Total IgG versus IgG4 food allergy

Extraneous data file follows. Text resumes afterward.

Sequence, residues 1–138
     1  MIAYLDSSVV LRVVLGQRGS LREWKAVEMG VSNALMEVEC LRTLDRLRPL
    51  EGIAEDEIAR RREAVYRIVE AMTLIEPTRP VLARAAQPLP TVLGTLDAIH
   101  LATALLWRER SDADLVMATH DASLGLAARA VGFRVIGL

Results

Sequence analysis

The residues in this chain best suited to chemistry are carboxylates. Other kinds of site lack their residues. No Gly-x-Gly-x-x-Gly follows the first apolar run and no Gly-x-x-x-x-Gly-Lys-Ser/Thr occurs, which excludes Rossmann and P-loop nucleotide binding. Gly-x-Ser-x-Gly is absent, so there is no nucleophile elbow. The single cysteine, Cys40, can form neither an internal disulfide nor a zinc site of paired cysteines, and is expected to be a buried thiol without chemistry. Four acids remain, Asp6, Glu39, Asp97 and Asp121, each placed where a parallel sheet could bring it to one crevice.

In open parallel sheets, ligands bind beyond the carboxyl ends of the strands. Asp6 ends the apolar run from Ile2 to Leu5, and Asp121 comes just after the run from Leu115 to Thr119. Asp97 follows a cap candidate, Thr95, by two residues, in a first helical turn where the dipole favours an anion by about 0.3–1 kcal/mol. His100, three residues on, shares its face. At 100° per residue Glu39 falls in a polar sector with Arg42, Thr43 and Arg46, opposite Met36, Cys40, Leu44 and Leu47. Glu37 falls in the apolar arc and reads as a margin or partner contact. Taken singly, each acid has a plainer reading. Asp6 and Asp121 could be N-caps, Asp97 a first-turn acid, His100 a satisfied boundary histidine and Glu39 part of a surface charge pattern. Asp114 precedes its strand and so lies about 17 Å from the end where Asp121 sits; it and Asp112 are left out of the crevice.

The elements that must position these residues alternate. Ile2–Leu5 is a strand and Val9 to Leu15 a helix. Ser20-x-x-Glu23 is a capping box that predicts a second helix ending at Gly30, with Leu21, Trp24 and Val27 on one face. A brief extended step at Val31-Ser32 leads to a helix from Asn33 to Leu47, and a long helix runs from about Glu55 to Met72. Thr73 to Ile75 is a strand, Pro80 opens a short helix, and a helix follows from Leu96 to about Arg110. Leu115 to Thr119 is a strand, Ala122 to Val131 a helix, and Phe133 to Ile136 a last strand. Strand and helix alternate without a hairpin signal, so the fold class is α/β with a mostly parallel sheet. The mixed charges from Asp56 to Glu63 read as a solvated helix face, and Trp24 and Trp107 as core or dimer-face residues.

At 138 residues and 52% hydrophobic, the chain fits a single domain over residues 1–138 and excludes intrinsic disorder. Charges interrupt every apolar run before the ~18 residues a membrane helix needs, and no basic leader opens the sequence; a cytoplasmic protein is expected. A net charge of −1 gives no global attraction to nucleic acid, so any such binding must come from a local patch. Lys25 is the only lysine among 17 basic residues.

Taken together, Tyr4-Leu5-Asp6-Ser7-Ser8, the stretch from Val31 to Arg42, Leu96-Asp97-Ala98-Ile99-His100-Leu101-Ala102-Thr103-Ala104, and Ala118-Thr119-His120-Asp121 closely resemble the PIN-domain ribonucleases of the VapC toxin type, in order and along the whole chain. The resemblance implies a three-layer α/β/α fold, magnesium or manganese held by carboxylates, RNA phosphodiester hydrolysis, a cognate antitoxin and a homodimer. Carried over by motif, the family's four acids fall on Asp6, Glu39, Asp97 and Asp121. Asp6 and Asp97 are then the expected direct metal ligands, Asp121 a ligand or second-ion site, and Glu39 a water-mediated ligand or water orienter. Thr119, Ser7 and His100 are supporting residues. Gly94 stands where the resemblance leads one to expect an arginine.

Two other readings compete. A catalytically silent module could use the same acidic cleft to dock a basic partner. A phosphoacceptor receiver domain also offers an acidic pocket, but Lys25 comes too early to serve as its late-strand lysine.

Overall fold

Immunoglobulin G (IgG) is classified into several subclasses termed 1, 2, 3, and 4. IgGs are composed of two heavy chain–light chain pairs (half-molecules), which are connected via inter–heavy chain disulfide bonds situated in the hinge region (Figure 1). IgG4 antibodies usually represent less than 6% of the total IgG antibodies. IgG4 antibodies differ functionally from other IgG subclasses in their lack of inflammatory activity, which includes a poor ability to induce complement and immune cell activation because of low affinity for C1q (the q fragment of the first component of complement). Consequently, IgG4 has become the preferred subclass for immunotherapy, in which IgG4 antibodies to antigens are increased to reduce severe antigen reactions mediated by IgE. If antigens preferentially react with IgG4 antibodies, the antigens cannot react with IgE antibodies that might cause anaphylaxis or other severe reactions. Thus, IgG4 antibodies are often termed blocking antibodies. Another property of blood-derived IgG4 is its inability to cross-link identical antigens, which is referred to as “functional monovalency”. IgG4 antibodies are dynamic molecules that exchange half of the antibody molecule specific for one antigen with a heavy-light chain pair from another molecule specific for a different antigen, resulting in bi-specific antibodies that are unable to form large cross-linked antibodies that bind complement and thus cause subsequent inflammation(16). In specific immunotherapy with allergen in allergic rhinitis, for example, increases in allergen-specific IgG4 levels indeed correlate with improved clinical responses. IgG4 antibodies not only block IgE mediated food allergies but also block the reactions of food antigens with other IgG subclasses, reducing inflammatory reactions caused by the other IgG subclasses of antibodies to food antigens.